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Tesi etd-03222009-085612

Thesis type
Tesi di dottorato di ricerca
A2A-D2 Receptor Heterodimerization and Psychosis
Settore scientifico disciplinare
Corso di studi
Relatore Martini, Claudia
Parole chiave
  • heterodimerization
  • D2 Dopamine receptor
  • atypical antipsychotic
  • A2A adenosine receptor
  • psychosis
  • typical antipsychotic
Data inizio appello
Data di rilascio
Riassunto analitico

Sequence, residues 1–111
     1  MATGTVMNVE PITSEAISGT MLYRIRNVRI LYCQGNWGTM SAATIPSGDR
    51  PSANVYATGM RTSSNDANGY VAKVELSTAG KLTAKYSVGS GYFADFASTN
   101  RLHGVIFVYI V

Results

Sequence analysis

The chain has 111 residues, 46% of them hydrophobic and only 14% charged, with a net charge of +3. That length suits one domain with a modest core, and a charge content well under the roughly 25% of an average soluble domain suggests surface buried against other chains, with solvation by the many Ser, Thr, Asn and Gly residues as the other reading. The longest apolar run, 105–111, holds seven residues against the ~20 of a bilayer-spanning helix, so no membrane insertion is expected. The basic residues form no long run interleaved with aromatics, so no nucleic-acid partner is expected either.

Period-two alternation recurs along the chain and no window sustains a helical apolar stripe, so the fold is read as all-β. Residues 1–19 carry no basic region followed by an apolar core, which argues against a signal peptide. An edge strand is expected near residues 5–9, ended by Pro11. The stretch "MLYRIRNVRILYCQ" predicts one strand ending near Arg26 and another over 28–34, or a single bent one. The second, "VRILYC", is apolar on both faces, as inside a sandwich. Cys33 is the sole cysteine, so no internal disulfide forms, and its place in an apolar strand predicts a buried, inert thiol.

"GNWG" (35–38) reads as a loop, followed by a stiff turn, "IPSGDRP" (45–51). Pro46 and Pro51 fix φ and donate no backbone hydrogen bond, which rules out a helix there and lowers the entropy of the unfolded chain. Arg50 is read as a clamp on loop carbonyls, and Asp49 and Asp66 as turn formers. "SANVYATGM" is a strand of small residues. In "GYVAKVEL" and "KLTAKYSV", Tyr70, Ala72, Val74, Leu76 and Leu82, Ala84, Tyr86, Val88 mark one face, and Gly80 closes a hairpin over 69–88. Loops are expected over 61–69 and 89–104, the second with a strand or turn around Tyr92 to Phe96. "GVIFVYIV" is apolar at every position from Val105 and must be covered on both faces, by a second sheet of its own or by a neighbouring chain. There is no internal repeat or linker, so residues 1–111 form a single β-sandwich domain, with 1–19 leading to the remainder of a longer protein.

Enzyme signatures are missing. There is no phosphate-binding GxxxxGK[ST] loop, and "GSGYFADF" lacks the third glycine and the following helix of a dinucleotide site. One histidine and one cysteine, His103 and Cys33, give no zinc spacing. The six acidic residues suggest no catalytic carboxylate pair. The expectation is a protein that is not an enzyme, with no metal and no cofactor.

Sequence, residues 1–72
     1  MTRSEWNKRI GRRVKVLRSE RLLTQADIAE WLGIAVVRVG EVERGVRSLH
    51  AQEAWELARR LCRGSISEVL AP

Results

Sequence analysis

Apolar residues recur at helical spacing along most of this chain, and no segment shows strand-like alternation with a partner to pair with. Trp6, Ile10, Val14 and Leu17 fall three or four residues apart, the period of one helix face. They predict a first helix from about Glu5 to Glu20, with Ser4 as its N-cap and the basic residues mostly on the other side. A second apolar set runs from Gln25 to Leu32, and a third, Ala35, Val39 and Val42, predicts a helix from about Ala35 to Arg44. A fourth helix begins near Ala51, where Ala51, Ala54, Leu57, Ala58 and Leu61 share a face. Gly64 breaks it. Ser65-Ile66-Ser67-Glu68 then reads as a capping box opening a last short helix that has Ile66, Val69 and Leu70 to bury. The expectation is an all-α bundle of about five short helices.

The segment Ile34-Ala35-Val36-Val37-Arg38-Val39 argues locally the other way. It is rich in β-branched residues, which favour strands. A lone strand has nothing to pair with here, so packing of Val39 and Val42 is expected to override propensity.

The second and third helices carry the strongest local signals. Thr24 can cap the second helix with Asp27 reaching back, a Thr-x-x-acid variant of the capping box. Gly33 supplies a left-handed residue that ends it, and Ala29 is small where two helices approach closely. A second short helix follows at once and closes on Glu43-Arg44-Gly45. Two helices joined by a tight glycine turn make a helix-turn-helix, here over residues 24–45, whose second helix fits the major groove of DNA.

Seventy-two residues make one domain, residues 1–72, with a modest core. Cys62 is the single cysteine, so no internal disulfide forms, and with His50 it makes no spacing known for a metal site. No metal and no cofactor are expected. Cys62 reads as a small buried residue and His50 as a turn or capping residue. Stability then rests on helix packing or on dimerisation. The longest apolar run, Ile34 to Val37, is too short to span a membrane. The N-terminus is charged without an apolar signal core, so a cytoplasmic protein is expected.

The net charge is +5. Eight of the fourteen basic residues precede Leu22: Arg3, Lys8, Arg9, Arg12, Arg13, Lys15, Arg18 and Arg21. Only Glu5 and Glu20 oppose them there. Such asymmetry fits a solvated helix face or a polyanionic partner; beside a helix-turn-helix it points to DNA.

Neuroleptic drugs, classified in typical and atypical, mainly act as D2 dopamine receptor antagonists. D2 and A2A receptors are co-expressed in the striatum where they structurally interact to form functional heterodimers. It has been demonstrated these receptors show a positive or negative functional cross-talk in dependence on their relative expression levels. To clarify the reciprocal interactions between adenosine and dopaminergic system in physiological conditions, we investigated the regulation of A2A adenosine receptor induced by D2 receptor antagonists in PC12 cells co-expressing both receptors in native conditions and in CHO cells co-expressing both receptors at levels comparable to those reported in striatum. In PC12 we were able to detect both receptors in the monomeric and dimeric form. Moreover, after chronic treatment with the typical antipsychotic haloperidol our results showed an increase of affinity and density of A2A receptor compared with the control, while treatment with atypical antipsychotics risperidone and clozapine did not show any significant difference. Treatment with haloperidol and risperidone showed an uncoupling of A2A receptor to G proteins and a significant decrease of cAMP levels. Chronic treatment with clozapine did not show any difference also in the G protein coupling and cAMP levels. In CHO cells our data showed that acute and chronic treatment with haloperidol increased the A2A AR affinity and responsiveness whereas no effects were detected with the atypical drug, clozapine. Otherwise, risperidone, an atypical antipsychotic but with high affinity for D2 DR, after long treatment induced a significant decrease of A2A AR affinity and responsiveness. Our results ascertain that A2A receptors are modulated by typical antipsychotics and by risperidone which profile does not fully fit to the atypical antipsychotic profile and these effects depend on the receptor levels. Our data suggest adenosine system as an alternative target for pathologies characterized by dopamine system dysfunction. In the same way, since A2A receptors are involved in brain damage, individual control of antipsychotic therapy and the associated regulation of adenosine system, may represent an important goal to control neurodegenerative processes considered as an amplificatory loop in several psychiatric disorders.